How to Give a Blessing
By: Rabbi Barak Bar-Chaim
Birkat Kohanim (the blessing of the Kohanim) is not simply a nice addition to the prayer service on Yom Tov; Birkat Kohanim is, in fact, a daily positive commandment. In Eretz Yisrael (Israel), Birkat Kohanim is recited every day in the prayer services to fulfill this Mitzvah. Sephardic Jews also recite Birkat Kohanim every day in accordance with this positive commandment. Why, then, is it the custom of Ashkenazi Jews in the diaspora to recite Birkat Kohanim only on Yom Tov?
Rabbi Moshe Isserlis suggests that Kohanim are involved with their livelihoods during the week and focused on getting to work on time. They are, therefore, not in the appropriate state of mind to bless the people. On Yom Tov, when they are in a joyous mood celebrating Yom Tov, the Kohanim bless the people during the Musaf service. Our sages learn from a verse in Proverbs that a person with a good eye and a good heart delivers the most effective blessing.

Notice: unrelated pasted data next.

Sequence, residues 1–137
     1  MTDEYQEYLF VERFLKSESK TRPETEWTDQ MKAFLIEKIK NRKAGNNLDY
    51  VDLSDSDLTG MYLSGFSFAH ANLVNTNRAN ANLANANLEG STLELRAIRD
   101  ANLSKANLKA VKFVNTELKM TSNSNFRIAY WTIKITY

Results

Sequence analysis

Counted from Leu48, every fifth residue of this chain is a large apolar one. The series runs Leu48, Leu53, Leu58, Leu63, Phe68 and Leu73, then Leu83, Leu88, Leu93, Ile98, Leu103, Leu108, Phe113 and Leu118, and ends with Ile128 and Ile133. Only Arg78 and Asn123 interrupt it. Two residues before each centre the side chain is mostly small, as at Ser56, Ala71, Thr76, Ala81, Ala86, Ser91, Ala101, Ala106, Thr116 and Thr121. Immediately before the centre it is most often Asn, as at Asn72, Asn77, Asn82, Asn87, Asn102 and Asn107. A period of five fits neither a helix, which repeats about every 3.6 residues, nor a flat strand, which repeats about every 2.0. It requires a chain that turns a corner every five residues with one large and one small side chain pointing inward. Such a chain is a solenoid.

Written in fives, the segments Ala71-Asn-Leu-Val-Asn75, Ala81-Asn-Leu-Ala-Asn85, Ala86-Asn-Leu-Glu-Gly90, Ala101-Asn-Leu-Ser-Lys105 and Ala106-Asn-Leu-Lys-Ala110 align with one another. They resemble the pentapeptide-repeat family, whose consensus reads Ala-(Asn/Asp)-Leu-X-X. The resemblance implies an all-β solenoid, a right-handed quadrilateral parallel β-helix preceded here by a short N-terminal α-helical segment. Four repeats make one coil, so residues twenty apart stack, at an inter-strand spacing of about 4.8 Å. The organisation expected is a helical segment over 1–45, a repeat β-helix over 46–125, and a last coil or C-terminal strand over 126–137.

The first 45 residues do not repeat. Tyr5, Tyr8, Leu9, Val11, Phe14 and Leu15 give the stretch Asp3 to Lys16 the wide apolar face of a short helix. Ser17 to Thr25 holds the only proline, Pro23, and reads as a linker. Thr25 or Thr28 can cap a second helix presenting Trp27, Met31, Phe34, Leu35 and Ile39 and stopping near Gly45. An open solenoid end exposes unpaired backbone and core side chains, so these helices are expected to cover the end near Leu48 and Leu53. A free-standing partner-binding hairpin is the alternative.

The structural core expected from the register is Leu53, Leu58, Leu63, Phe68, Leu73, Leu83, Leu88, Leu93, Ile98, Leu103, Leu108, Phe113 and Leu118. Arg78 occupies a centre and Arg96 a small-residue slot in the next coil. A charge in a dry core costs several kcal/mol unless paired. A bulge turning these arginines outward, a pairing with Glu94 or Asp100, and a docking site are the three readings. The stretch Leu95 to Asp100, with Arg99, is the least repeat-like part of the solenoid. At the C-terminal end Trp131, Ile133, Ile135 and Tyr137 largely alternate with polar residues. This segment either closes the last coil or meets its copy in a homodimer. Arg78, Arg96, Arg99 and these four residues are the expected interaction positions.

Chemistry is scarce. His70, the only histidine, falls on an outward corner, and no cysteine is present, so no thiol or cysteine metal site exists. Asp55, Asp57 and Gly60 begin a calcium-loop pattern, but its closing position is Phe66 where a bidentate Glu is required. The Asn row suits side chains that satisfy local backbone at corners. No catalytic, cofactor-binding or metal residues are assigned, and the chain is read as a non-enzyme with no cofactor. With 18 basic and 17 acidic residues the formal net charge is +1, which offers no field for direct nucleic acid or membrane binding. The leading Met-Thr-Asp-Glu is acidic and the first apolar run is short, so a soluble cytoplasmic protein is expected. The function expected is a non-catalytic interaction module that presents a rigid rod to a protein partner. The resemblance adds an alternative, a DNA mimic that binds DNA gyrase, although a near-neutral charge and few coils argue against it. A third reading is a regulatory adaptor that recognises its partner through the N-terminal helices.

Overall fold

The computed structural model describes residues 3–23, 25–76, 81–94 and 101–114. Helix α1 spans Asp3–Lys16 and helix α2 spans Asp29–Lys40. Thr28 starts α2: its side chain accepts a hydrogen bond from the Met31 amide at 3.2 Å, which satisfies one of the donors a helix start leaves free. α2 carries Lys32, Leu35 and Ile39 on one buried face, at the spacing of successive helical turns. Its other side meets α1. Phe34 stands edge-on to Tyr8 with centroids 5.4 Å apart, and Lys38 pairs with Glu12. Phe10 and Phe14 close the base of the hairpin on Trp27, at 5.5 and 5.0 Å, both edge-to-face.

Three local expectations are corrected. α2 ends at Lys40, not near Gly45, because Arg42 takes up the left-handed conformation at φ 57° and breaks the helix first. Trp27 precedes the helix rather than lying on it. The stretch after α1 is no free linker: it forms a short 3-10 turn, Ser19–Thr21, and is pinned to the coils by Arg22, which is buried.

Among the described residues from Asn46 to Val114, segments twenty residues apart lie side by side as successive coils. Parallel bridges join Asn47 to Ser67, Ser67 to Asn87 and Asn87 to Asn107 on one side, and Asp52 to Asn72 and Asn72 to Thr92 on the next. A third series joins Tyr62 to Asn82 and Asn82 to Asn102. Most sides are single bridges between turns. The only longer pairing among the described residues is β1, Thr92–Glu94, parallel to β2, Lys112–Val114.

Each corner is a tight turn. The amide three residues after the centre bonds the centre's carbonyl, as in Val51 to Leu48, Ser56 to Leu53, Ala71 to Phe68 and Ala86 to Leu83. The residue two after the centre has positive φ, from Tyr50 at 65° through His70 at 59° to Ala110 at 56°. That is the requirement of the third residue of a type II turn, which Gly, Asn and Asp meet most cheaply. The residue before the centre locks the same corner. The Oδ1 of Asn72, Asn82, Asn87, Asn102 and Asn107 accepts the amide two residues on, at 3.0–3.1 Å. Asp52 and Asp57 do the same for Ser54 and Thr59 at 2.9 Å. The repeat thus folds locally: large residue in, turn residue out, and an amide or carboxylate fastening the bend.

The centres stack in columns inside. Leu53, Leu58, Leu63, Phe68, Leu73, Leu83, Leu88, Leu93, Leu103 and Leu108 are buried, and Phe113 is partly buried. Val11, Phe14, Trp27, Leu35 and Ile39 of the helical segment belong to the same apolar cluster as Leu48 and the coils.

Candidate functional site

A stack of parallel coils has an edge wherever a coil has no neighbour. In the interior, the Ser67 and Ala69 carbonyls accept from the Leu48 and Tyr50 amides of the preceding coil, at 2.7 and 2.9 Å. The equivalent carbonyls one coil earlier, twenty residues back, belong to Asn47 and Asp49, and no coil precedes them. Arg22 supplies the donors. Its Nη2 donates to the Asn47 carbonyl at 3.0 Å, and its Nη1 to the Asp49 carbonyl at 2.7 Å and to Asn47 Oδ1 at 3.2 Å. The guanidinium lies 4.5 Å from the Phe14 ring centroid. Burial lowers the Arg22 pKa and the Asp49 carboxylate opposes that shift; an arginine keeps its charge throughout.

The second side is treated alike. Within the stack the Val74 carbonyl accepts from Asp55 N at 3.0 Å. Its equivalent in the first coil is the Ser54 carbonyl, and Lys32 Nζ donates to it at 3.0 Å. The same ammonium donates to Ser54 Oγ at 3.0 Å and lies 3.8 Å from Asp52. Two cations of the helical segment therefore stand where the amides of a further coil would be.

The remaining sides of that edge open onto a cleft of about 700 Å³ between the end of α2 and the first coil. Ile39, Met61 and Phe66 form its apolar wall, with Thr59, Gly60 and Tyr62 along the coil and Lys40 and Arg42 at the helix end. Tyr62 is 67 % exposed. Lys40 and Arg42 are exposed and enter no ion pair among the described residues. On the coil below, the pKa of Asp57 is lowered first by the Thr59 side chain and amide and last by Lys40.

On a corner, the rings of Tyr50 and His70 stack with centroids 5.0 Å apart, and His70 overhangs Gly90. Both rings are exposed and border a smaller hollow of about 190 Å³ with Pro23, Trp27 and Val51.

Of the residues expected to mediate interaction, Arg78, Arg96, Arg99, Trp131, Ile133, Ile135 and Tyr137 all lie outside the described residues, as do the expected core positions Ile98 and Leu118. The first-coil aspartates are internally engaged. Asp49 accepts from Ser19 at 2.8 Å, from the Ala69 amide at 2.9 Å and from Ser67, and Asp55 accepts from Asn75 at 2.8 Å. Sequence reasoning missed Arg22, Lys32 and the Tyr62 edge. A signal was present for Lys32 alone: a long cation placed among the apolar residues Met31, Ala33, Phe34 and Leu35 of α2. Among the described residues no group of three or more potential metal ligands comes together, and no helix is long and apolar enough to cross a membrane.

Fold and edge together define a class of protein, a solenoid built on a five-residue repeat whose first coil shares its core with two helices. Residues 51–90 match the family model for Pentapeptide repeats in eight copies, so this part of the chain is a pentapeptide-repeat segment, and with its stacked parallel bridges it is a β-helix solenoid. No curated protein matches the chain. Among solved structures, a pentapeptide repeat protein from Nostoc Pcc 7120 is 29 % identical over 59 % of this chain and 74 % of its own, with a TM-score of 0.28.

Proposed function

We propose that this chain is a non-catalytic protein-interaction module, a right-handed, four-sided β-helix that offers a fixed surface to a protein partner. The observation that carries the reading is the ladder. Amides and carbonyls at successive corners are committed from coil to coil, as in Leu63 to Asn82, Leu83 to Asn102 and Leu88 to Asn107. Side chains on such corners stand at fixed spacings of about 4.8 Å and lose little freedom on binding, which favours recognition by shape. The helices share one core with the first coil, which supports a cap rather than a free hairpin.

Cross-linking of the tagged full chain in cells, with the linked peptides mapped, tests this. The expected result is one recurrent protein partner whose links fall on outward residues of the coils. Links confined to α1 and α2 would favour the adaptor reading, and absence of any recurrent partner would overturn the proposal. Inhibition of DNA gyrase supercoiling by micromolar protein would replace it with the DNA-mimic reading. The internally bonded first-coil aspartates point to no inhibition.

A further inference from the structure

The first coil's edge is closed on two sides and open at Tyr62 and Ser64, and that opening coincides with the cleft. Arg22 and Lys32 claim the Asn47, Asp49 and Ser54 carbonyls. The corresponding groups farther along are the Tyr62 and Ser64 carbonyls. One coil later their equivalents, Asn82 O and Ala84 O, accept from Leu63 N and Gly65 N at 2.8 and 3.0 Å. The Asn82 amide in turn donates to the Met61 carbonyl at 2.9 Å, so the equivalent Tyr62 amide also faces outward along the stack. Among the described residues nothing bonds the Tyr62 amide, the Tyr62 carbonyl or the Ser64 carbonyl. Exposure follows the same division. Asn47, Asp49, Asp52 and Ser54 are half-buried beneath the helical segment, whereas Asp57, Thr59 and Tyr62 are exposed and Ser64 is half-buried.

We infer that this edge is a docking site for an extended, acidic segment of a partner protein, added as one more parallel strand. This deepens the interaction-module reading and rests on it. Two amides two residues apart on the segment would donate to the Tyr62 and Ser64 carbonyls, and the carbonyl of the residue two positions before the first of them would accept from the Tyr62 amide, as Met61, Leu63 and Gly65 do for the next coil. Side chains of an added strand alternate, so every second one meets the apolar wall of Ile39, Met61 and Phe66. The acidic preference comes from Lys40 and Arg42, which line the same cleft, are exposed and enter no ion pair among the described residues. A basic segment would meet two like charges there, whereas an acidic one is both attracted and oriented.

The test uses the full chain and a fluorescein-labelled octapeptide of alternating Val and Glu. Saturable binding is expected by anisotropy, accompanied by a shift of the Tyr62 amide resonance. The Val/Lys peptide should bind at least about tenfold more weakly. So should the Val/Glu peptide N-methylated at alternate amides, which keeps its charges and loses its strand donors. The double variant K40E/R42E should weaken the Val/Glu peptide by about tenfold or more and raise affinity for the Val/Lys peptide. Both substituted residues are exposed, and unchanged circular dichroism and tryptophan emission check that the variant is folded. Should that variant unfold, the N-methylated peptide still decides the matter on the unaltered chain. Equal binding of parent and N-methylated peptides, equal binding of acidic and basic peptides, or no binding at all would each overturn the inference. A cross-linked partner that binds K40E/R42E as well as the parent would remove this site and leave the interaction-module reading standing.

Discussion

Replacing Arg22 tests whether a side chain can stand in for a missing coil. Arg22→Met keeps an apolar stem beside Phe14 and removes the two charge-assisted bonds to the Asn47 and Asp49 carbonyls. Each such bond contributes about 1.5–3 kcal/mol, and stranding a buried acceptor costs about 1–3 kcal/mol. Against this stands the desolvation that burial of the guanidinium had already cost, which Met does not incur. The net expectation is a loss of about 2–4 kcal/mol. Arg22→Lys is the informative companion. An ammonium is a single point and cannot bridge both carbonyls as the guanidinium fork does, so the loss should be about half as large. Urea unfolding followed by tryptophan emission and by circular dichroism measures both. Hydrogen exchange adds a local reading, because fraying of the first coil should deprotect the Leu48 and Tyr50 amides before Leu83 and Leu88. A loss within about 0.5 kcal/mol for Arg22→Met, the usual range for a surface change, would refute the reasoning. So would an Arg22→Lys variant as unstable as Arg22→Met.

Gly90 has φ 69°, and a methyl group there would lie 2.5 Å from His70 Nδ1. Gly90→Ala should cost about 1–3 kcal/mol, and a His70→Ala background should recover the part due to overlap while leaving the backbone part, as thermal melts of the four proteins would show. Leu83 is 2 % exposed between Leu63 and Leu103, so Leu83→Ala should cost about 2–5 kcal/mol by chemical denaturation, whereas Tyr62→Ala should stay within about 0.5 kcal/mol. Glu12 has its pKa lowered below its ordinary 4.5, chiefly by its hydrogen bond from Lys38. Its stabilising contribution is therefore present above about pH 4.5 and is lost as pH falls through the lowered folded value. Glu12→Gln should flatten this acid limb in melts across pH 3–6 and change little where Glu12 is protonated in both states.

Why is a joyous and good-hearted state of mind the best mind set to deliver a blessing? Our sages explain that the Divine presence rests where there is joy and peace. All blessings come from God and not from human beings. The idea of the Birkat Kohanim is that the Kohanim, through their blessing, bring the divine presence to the nation and God blesses the people. This is the reason that the Torah states: “And they will place My Name upon the Children of Israel and I will bless them.” (Numbers 7,27) Based on this statement, the blessing recited by the Kohanim before blessing the people concludes with the word Be’ahavah (with love).
Our sages say that we should never underestimate the power of a blessing or dismiss a blessing as inconsequential. Any blessing coming from a mindset of joy, peace, and love can bring the Divine presence down and deliver tremendous blessing. Let us work on filling our own hearts with joy and peace, and then bless one another with love.